Economic Week In Review | Issue 268 22 February 2021
Property and construction news
International investment | Dutch investor APG is one of the world’s largest pension funds and is to invest 75% of a £500m student accommodation scheme in a JV with Scape. It will look to invest in London, Manchester, Birmingham, and Leeds. In the last year, ten new investors entered the student accommodation market, up from an average of three to four, according to Savills.
House prices in the UK rose at the fastest rate since 2014, according to the ONS. The 8.5% average increase was fuelled by the stamp duty holiday and changes to lifestyles, post-pandemic. Data also shows that the number of buy-to-let purchases have been falling. From 85,900 in 2015, to 52,800 in 2019, to 42,000 in 2020.
Materials, stocks, and currencies
Pound highs | The pound reached $1.40 for the first time since 2018, rising 2.4% against the dollar since the beginning of the year.
Iron Ore prices increased to the highest since 2011 on the first day of trading after the Chinese New Year. Benchmark 62% Fe fines were up nearly 9% on an annual basis. Responding to lockdowns that limited travel, China’s factories didn’t slow as much as usual during the New Year holiday.
Copper prices posted a nine-year high on Thursday, also after the Lunar New Year. At the London Metal Exchange, it is valued 87% higher than its pandemic low.
Oil | Winter storm Uri has reduced the Unites States’ refining capacity by nearly 6 million barrels per day.
Consumer inflation rose from 0.6% in December to 0.7%. The key inflation sectors were household goods and food/alcohol, while clothing and footwear prices saw the largest fall in pricing.
Retail sales fell 8.2% in January when compared to December. As the new lockdown was introduced in January, it is unsurprising that online sales hit a record high, accounting for a third of total spending.
Consumer confidence has risen according to the latest survey by GfK. The poll reading rose 5 points to an 11 month high of -23. Opinions have been boosted by the vaccine rollout.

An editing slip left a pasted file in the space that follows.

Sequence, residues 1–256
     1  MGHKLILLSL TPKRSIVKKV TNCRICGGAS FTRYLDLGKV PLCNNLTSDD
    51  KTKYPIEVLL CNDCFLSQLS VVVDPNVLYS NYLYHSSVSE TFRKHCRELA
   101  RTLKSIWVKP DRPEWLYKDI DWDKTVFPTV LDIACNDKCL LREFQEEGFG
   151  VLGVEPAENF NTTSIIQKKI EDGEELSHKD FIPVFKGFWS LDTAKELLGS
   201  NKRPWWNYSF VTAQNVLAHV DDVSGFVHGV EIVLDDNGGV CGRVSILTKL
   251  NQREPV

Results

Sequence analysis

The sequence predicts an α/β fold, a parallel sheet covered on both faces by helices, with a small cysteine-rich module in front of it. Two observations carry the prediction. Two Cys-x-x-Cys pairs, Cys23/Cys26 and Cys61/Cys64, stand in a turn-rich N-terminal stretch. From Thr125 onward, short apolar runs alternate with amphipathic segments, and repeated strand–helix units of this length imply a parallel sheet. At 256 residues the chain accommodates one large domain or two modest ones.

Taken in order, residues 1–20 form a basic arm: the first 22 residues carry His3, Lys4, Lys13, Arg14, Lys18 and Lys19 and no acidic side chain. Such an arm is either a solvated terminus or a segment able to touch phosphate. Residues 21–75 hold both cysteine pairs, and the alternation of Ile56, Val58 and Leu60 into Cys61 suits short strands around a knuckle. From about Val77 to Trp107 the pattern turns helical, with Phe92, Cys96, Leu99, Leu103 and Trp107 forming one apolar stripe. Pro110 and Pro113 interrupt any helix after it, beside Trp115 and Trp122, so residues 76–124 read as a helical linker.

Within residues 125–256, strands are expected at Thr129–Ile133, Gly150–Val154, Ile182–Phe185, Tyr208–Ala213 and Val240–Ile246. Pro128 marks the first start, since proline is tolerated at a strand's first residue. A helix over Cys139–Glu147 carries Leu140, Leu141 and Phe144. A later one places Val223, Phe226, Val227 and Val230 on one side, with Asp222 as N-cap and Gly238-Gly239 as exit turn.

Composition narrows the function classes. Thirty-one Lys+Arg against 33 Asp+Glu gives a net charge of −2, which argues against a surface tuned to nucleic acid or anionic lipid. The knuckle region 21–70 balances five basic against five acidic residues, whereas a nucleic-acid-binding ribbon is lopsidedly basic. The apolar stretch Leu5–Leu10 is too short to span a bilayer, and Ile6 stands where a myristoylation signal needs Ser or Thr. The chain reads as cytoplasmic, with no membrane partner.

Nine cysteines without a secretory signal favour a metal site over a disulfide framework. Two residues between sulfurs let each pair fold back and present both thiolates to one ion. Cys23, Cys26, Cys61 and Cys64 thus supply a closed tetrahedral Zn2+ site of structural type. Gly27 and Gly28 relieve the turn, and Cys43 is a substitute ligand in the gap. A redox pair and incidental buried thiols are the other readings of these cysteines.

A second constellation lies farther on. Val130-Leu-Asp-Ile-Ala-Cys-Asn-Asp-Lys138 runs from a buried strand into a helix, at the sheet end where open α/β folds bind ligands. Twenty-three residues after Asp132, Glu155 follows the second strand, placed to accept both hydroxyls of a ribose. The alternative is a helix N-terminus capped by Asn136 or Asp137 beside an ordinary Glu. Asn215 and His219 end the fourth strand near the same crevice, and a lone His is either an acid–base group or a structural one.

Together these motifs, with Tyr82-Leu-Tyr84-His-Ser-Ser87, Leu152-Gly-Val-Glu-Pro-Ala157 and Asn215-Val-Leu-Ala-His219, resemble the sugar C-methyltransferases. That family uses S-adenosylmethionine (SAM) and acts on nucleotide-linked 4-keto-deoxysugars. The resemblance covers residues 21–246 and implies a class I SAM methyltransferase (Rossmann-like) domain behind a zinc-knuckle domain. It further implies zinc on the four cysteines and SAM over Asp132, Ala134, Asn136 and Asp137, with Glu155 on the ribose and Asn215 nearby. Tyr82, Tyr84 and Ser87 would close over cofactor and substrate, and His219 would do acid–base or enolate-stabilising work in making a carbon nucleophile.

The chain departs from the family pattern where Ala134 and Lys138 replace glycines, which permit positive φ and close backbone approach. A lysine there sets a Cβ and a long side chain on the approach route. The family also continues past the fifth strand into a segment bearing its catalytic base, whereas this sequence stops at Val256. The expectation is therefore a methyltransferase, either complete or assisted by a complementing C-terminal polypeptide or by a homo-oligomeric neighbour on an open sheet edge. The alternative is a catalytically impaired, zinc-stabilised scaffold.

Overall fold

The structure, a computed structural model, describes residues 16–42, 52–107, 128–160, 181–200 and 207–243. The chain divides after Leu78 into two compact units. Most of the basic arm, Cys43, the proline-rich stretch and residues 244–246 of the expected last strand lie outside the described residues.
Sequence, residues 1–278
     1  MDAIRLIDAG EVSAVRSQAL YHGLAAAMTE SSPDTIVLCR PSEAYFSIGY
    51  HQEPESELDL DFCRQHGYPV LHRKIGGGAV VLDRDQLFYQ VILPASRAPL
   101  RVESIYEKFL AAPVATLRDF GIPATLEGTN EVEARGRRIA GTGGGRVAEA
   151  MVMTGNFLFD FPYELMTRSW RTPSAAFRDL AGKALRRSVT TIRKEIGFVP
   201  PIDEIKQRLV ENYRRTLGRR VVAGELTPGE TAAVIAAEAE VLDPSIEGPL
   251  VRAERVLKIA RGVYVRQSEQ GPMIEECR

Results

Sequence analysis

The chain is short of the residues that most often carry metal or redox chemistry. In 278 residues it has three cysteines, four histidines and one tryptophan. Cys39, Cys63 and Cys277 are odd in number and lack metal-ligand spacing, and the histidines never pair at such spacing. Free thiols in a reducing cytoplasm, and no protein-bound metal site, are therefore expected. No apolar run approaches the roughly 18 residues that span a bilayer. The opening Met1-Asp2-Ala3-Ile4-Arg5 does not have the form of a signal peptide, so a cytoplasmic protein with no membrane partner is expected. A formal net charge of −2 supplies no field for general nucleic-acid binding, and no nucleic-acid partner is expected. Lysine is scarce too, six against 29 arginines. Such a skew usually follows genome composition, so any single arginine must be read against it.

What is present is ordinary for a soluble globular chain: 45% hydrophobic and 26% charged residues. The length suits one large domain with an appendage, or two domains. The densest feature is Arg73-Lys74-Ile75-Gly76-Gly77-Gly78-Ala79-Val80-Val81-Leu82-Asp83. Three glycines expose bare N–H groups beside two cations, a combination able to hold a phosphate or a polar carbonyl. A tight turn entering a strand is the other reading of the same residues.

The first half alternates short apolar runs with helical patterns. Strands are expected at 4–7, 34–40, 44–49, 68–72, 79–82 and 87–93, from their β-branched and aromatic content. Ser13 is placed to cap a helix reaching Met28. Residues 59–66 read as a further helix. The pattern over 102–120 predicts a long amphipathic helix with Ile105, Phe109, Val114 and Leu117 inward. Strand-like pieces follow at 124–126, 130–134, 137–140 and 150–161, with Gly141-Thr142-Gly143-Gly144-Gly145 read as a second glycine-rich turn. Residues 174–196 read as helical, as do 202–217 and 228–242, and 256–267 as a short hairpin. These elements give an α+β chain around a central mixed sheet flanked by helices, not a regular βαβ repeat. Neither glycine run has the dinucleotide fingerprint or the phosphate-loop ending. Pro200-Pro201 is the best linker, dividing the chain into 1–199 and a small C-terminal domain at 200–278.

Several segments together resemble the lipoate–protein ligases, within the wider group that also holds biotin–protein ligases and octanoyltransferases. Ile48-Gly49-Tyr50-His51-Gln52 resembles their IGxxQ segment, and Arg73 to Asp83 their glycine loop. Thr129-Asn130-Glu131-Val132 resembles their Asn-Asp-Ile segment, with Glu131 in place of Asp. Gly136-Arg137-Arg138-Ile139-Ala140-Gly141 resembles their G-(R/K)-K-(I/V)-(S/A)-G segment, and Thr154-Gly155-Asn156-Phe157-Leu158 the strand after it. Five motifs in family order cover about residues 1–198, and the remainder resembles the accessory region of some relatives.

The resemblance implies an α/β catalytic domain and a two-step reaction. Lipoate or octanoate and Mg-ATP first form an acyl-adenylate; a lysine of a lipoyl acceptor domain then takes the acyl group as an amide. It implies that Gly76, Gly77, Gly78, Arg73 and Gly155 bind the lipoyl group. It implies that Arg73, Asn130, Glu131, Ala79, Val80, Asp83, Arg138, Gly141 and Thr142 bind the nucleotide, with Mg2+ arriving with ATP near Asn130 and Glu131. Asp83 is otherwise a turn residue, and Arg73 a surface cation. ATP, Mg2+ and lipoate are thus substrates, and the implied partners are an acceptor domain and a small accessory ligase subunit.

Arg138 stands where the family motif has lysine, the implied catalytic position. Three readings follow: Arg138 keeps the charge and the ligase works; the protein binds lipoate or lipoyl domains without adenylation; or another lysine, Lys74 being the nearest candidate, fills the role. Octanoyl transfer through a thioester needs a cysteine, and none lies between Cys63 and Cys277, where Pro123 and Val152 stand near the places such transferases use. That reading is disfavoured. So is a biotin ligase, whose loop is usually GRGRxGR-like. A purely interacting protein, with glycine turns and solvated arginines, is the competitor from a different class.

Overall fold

Employment | In a landmark case, the Supreme Court has ruled that Uber drivers should be classed as employees and should be entitled to minimum wage and holiday pay. The ruling is expected to have consequences for the wider ‘gig economy’.
Employment prospects | According to HR body, the CIPD, more than half of employers in the UK plan to recruit staff in the next three months. Sectors with the strongest intentions to hire were healthcare, finance and insurance, education, and IT.
Brexit friction | IHS Markit’s latest composite PMI for the UK suggests that delayed supply chains and friction at UK borders have pushed UK manufacturing to its weakest level in nine months, with half of all companies reporting lower exports. The overall PMI level stood at 49.8 in February, above economists’ predictions of 42.6 but below the crucial 50.0 marker.
Global service sector | Lockdowns are continuing to affect service sectors around the world according to IHS Markit. Whilst the US and Australia have seen strong growth, Japan and Europe remain depressed. At 44.6 the UK’s average services PMI reading is the lowest of major economies.
Published every six months, our Tender Price Index is an analysis of inflation price deviation in construction prices. Click on the link above to view our most recent Index.
Friday to Friday
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Week % change
Annual % change
$ per £
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Brent Oil $/barrel
Once again it feels like the industry is waiting. Today, the Prime Minister will announce his roadmap out of lockdown, and next week the Chancellor will present his Budget to the House of Commons.
Both of these key pieces of information will help give an indication of demand for the year and how output will be driven. The Budget, in particular, will give vital updates on support currently available to businesses and people, such as furlough schemes and Stamp Duty, in addition to news on reverse charge VAT and plans to repay the Pandemic Deficit.
Meanwhile, it seems that there has been no let-up in the pressure on commodity prices, although a recovering pound will help to offset some of these increases.
To lookout for this week
Tomorrow, new data on employment will be released, including unemployment figures, the number of non-UK born workers currently working in the UK, and employment figures by industry.
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